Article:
Autumn Garden

March 6, 2009

The sun isn’t rising until after 6.30 so there’s a definite autumnal feel to the air in the mornings and the first leaves are changing colour which prompted this choice for Friday’s poem.

Autumn Garden  by Ruth Dallas comes from her Collected Poems,  published by University of Otago Press.

Autumn Garden

 

The trees she loved are loosening their leaves,

But not for sorrow will they let them fall;

Younger leaves are stirring in the bough,

 

Now, when the world should pause, the bees behave

As if these were the earliest flowers, beans

Swell and wing on the trellis, apples ripen.

 

Nothing in the garden looks for her,

The summer flowers are scattering their seed,

The heavy apples dream of other trees.

 

            – Ruth Dallas –


New Year

January 2, 2009

Most of the literature I was brought up on was from the northern hemisphere so poetry which celebrated seasons never fitted my experience. Because of that I still get a thrill from the sense of connection with poems which come from a southern hemisphere perspective as this Friday’s choice does.

 It’s New Year by Ruth Dallas from Collected Poems, published by University of Otago Press, 2000.

New Year

 

The brimming year spills over in midsummer heat;

A deft wind combs the willow-branches

And coaxes small-talk from the poplar grove.

Tat dissolves in the deserted street.

 

My neighbours are gone to the sea or inland,

But I like this time of the year at home,

In the space left by motorbikes and a silenced guitar.

I watch a blackbird grow tipsy on gooseberries.

 

Doors and windows stay open. Three or four

Sheepswool clouds lie distant from the sun.

In the evening I carry water to the beans.

The sky darkens and the clouds grow a halo.

 

The moon looks up from the poplars

Like the bright eye of the pert blackbird,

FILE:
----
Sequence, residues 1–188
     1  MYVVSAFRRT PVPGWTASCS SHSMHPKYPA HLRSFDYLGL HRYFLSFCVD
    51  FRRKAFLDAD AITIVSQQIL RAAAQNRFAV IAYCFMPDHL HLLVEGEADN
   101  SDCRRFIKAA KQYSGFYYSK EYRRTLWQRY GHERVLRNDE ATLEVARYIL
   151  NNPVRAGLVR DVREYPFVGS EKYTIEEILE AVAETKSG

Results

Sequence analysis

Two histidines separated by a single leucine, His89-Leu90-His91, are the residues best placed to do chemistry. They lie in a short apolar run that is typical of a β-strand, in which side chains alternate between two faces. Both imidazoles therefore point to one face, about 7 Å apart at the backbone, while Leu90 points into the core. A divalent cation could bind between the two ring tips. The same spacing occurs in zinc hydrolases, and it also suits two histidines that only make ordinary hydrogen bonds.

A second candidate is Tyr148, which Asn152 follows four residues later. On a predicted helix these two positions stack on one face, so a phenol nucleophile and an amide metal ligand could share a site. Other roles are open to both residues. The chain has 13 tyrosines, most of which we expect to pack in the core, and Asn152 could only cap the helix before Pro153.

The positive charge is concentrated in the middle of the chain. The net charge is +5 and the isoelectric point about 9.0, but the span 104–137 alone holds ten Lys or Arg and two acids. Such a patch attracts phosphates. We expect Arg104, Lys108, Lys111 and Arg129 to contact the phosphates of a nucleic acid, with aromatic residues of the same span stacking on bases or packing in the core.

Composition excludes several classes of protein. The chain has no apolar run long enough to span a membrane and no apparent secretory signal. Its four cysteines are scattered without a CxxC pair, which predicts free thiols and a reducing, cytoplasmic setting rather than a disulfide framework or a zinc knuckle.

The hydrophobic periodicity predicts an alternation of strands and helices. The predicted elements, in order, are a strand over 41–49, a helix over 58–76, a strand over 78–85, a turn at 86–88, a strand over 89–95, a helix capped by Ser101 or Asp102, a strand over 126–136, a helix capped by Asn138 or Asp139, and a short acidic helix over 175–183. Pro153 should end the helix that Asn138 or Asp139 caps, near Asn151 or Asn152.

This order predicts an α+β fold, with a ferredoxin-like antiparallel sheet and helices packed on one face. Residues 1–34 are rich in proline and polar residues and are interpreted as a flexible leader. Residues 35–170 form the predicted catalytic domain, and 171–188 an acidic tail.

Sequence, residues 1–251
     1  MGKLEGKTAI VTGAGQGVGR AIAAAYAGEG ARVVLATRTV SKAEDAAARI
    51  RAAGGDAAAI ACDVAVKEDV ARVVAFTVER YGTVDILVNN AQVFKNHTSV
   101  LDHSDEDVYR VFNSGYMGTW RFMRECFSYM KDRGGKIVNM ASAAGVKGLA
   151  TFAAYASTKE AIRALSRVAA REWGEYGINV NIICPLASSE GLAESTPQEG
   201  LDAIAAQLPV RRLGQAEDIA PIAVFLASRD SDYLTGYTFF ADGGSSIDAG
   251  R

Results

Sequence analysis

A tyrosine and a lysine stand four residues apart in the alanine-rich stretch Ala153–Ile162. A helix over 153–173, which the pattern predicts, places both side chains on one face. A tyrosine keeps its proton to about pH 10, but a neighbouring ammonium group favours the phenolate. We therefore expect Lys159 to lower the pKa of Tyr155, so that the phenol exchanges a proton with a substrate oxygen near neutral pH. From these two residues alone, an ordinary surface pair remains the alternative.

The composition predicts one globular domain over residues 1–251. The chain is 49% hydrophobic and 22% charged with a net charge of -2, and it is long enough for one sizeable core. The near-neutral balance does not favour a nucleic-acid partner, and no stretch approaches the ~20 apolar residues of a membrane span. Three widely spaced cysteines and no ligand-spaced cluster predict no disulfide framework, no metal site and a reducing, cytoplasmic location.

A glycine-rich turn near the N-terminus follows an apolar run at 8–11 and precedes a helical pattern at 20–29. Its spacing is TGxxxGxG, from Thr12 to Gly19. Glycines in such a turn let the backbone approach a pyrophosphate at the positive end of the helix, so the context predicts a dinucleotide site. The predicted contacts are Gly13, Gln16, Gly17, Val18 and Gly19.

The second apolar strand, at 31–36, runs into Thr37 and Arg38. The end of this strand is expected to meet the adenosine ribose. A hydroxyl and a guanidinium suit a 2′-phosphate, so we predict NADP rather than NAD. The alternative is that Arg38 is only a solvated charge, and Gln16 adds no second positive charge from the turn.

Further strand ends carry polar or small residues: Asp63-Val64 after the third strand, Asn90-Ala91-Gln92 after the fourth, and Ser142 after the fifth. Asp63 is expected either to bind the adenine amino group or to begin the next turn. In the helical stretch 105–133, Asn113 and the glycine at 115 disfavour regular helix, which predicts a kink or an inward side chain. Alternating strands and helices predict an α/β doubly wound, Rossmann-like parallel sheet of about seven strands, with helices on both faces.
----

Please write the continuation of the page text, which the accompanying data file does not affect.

Then expands into a luminous marrow-flower

This postcard is a view from earth.

 

                      – Ruth Dallas –


A Blue Flower

November 7, 2008

We woke to a light touch of white on the lawns and paddocks this morning and over in Central Otago up to 500 helicoptors may be called on tonight to help orchardists and viticulturists protect young fruit from the forecast frost.

That unseasonal weather prompted the choice of this Friday’s poem – A Blue Flower by Ruth Dallas from her Collected Poems, published by University of Otago Press.

           A Blue Flower

 

In the early morning we noticed

Jack Frost had whitewashed the golf-course.

 

We know who is always out there,

Waiting on the dark side of planets,

The mossed side of trees,

And the green side of apples-

Does he think we were born yesterday?

 

We lay low, like Brer Rabbit

When Mr Fox is around, laughing, because

We could see, over his white fields,

The flank of a hill, like a lion’s haunch,

Lit be his enemy, the sun.

 

                                         Another day,

This day, snatched from the hoard of the old miser,

To unfold and stretch itself like a blue flower.

 

Let us think no more of tomorrow,

Or what is gone, but live to outwit J. Fox,

Plucking each day singly, like ripe fruit.

 

                 – Ruth Dallas –


September

September 5, 2008

Our British and European cultural heritage means a lot of the literature we read has the seasons back to front.

 

But this Friday’s poem is about a southern hemisphere spring  and I found an strong connection to it because of that. 

 

September is from Ruth Dallas’s Collected Poems, published by University of Otago Press.

 

September

 

Under thin

Boughs in

   September,

Paler than

Sunlight

  Soft as

  The grass,

    Cluster

The Daffodils,

Eager as love,

     As ice-

     delicate.

                  Young.

 

– Ruth Dalls –


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